WASHINGTON, DC (WUSA) --- Since 2010 the 1882 Project, a non-partisan coalition of Chinese-American and Asian-American leaders and their supporters, pushed for a formal apology from Congress for the Chinese Exclusion Act. From 1882 to 1943, Congress enacted a series of Chinese Exclusion laws prohibiting people of Chinese ancestry from becoming naturalized citizens in the U.S.
With the passage of Senate Resolution 201 (Oct. 2011) and House Resolution 683 (June 2012), the 112th Congress provided a formal apology. This is the fifth time ever that Congress has made a formal apology to a group of people.
"It takes a village to raise a child...it takes an army to get an apology in Congress," said Rep. Judy Chu (D-CA), who sponsored the bill in the House of Representatives. Chu, a Chinese American, added the 1882 Project spurred many Chinese Americans to speak to their local congressional representatives all across the nation.
The Senate bill was sponsored by Sen. Scott Brown (R-MA).
Members and friends of the 1882 Project celebrate at a reception inside the Capitol Visitor Center, Sept. 19, 2012.
Dr. Michael Lin, chair of the 1882 Project, introduced the numerous leaders at the reception. He highlighted and thanked the supporters of the project who used their own time and financial resources to spread awareness of the project across the country.
"Mistakes were made...It is only right that Congress tries to remedy this and go on record," said Rep. Ed Royce (R-CA).
"[The Chinese Exclusion Act] has decimated the Chinese [American] community," said Haipei Shue, Co-chair of the 1882 Project and President, National Council of Chinese Americans.
"If it weren't for this law, the Chinese community here, the Asian community here, would be much, much larger...Going forward... I think we need to become actively engaged citizens in this country," Shue added.
The members of the 1882 Project plans to form an educational basis to educate Americans about the history of the Chinese Exclusion Act. The next step is to push for inclusion of the full history of the Chinese Exclusion Act within textbooks.
"We have to keep our government's feet to the fire," said Rep. Mike Honda (D-CA).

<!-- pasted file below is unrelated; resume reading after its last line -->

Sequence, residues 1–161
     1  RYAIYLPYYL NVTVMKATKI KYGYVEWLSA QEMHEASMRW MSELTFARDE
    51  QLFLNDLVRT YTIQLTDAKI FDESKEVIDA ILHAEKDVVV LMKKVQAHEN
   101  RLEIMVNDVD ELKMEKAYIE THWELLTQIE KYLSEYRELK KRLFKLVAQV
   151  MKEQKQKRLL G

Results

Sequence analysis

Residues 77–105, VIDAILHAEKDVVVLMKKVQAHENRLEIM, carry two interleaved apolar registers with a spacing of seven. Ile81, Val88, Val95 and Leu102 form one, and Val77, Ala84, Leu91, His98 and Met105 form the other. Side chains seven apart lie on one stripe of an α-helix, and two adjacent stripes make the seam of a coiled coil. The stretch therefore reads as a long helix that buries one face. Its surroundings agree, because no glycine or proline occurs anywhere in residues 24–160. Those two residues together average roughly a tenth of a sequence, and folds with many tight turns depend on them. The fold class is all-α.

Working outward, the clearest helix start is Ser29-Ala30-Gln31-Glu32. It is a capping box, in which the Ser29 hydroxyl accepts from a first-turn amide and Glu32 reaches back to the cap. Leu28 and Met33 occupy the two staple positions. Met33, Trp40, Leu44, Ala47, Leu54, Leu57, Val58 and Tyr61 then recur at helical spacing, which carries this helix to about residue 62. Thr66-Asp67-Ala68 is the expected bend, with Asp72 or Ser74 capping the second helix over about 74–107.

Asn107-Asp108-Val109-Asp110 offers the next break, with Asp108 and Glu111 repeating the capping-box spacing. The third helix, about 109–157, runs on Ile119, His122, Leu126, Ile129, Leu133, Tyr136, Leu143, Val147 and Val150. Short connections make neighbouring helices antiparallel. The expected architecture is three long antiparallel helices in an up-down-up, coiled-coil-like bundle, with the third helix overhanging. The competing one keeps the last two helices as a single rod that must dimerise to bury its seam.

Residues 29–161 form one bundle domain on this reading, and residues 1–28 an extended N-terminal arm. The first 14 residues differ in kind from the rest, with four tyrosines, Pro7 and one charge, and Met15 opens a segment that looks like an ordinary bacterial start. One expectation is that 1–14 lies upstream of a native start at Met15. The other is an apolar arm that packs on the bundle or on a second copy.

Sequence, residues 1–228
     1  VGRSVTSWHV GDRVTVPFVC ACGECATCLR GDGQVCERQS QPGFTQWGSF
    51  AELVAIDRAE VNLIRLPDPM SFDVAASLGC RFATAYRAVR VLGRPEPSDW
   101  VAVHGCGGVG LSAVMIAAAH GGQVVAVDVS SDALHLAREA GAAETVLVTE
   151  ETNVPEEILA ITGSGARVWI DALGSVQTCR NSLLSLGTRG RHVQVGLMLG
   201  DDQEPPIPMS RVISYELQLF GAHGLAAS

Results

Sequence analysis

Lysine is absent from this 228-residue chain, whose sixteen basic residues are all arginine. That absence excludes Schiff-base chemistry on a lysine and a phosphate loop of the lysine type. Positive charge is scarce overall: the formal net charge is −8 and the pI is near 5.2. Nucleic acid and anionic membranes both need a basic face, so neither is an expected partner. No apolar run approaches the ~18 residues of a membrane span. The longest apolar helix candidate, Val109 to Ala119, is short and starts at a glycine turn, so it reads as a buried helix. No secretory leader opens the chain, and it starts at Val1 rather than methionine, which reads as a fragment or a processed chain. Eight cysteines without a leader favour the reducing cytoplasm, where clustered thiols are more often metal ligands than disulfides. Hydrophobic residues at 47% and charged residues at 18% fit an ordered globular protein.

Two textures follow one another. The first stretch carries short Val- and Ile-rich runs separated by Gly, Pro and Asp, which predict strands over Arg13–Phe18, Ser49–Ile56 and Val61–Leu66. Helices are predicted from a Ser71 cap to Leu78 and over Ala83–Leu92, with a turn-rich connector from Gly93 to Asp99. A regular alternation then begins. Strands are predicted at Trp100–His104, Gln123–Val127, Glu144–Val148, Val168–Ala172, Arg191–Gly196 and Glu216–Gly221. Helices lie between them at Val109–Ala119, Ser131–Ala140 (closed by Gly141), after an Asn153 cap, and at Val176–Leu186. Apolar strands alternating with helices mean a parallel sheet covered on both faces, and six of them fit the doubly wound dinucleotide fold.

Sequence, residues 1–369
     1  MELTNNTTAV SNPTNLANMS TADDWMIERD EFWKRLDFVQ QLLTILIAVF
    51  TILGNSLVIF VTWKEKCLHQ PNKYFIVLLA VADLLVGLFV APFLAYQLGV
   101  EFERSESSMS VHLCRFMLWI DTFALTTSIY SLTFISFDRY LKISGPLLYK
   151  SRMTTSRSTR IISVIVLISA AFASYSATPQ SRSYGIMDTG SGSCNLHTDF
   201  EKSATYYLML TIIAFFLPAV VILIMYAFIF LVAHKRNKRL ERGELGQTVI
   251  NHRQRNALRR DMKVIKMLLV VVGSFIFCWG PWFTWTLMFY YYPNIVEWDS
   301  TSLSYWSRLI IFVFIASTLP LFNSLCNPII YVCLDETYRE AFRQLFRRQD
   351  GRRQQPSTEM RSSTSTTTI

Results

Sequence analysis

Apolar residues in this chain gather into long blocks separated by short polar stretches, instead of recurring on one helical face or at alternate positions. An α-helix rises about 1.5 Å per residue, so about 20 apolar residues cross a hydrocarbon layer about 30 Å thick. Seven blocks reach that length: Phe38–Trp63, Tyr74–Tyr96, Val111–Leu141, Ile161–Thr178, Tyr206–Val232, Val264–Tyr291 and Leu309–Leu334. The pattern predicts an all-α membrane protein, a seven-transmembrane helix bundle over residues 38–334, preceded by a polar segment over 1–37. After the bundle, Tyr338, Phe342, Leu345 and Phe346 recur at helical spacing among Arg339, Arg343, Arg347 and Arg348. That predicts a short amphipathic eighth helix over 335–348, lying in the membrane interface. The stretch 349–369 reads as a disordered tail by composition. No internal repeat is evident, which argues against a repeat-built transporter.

Many people, including those working on this effort, did not know the extent of the history of the exclusionary laws.
"I was aware of what had happened in California legislature and I decided to look into it...When I looked into it, I learned that much more had happened than I knew," said Martin Gold, attorney for Covington and Burling, LLP. His practice provided pro bono aid for the 1882 Project.
"I love the Congress. Today is the 40th anniversary of the day I started working here. Sept. 19th, 1972, So I care a lot about what the Congress does. I care a lot about what the Congress thinks. These laws...were simply antithetical to the fundamental purposes of the United States, the Declaration of Independence, the Constitution. They were a disgrace to the memory of Congress. We wanted to try to make it right. So doing this took a lot of work. It was absolutely a labor of love. We loved doing it," said Gold.
The 1882 Project Steering Committee:
Chinese American Citizens Alliance
Committee of 100
Japanese American Citizens League
National Council of Chinese Americans
Organization of Chinese Americans (OCA)
Covington & Burling LLP (pro bono legal aid)
Dr. Michael Lin, Chair of 1882 Project, Member of Committee of 100
Carolyn Hong Chan, Grand President, Chinese American Citizens Alliance
Haipei Shue, President, National Council of Chinese Americans, Co-chair of 1882 Project
Ted Gong, Chinese American Citizens Alliance, Steering Committee member of 1882 Project
Martin Gold, Partner, Covington and Burling, LLP
Erica Lai, Attorney, Covington and Burling, LLP
Elizabeth Bell, Attorney, Covington and Burling, LLP
Ginny Gong, OCA
Stan Tsai, OCA
Dr. Libin Jia
Jordan French, Esq.
Rep. Judy Chu (D-CA)
Rep. Judy Biggert (R-IL)
Rep. Mike Honda (D-CA)
Rep. Ed Royce (R-CA)
Written by: Elizabeth Jia
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